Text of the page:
Manage episode 325462944 series 2567693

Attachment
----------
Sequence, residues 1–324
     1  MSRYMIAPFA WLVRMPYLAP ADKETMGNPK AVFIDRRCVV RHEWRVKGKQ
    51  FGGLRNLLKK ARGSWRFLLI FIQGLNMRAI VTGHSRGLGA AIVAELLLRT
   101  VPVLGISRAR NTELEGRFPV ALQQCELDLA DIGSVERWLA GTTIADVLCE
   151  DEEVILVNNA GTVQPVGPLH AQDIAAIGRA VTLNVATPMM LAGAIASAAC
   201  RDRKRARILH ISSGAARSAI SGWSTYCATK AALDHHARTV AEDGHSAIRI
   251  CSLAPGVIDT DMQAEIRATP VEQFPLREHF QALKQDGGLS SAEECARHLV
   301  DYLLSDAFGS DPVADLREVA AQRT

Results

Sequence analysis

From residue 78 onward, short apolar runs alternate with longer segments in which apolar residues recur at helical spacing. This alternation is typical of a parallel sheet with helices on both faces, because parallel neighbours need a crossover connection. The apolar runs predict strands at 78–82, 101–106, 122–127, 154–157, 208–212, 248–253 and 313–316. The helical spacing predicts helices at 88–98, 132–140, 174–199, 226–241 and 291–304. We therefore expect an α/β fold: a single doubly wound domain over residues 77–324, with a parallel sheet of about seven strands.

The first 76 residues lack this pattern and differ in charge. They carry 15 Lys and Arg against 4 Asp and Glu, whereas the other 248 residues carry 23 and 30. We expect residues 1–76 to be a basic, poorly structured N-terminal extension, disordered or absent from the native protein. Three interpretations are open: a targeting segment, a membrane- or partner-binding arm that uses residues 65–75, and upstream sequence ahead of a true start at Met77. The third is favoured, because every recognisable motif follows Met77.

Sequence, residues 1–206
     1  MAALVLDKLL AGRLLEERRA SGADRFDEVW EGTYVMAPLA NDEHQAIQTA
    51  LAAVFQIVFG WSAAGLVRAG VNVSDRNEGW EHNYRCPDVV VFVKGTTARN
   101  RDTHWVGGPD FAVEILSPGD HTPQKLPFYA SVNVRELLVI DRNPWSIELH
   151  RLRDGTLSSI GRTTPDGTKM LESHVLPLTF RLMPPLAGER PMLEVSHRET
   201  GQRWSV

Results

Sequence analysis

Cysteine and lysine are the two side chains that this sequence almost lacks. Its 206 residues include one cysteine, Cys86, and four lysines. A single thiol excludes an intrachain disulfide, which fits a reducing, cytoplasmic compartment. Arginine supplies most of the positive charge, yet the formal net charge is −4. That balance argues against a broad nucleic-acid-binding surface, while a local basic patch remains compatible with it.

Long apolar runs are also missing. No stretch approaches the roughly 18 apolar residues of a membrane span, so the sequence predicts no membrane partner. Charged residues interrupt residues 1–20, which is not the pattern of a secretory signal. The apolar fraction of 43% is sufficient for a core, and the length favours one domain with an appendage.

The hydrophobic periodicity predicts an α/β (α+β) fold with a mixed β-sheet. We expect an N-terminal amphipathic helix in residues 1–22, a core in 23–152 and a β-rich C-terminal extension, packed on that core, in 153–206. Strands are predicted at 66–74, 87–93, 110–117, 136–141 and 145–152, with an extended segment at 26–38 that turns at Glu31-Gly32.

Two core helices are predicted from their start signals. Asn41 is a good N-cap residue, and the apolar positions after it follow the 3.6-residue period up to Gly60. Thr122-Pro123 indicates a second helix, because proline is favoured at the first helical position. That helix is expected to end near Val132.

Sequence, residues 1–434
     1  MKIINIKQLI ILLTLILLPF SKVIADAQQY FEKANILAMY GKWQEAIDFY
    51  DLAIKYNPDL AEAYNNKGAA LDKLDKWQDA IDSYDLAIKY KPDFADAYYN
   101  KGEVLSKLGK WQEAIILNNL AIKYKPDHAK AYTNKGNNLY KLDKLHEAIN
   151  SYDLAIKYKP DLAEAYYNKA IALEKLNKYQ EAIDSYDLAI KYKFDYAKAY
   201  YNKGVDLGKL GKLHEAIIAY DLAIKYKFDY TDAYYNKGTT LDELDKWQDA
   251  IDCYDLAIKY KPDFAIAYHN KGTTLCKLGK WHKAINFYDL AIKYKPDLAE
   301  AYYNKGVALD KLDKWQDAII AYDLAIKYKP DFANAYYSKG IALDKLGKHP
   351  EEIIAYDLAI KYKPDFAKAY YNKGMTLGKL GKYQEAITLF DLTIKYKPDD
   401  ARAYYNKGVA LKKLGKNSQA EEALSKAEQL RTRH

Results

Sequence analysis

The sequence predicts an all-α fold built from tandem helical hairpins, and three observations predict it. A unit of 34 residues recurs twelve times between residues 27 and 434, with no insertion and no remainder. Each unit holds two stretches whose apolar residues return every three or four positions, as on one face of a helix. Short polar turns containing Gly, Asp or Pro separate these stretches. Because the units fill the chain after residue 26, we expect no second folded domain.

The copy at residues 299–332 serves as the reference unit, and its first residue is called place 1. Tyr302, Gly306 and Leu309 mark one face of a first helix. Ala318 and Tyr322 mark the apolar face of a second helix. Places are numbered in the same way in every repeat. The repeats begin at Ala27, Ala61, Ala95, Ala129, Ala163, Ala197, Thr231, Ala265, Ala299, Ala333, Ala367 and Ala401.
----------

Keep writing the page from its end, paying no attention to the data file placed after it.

Robert Jacob’s book Nuclear Bodies: The Global Hibakusha (Yale UP, 2022) re‑envisions the history of the Cold War as a slow nuclear war, fought on remote battlegrounds against populations powerless to prevent the contamination of their lands and bodies. Jacobs’s book put these “nuclear bodies” and the legacy of our eighty years history of nuclear weapon and power use at the center of his inquiry. The contaminated bodies of the hibakusha and the contaminated grounds on which they live (or in many cases lived. As many lost their homes), Jacobs argues, are largely invisible because of the colonial and post -colonial power relations that made these communities a target to begin with. Nuclear weapon tests and power stations usually were set at remote places, and the harm was done to people with no political power. Furthermore, it is not just contemporary communities that were harmed, but also future generations. “Plutonium will remain dangerous for over two hundred thousand years, and uranium particles for more than one million years”. Eighty years of tests and nuclear power have saddled our future descendants with radiative waste, most of which is still not safely stored, “a global legacy currently sitting in spent fuel pools and dry storage casks, waiting.” The invisibility of the problem and people affected by it, Jacobs argues, is manufactured in science and politics. Furthermore, the way we study the problem historically further obscured its scope. Different sites have been studied through different national historical “silos,” Jacobs, however, takes a global approach, and look at sites from Nevada to Hiroshima and Nagasaki, Kazakhstan to Xinjian, and the various Pacific sites that were sites of nuclear tests and accidents since 1945 to make the invisible global hibakusha visible.
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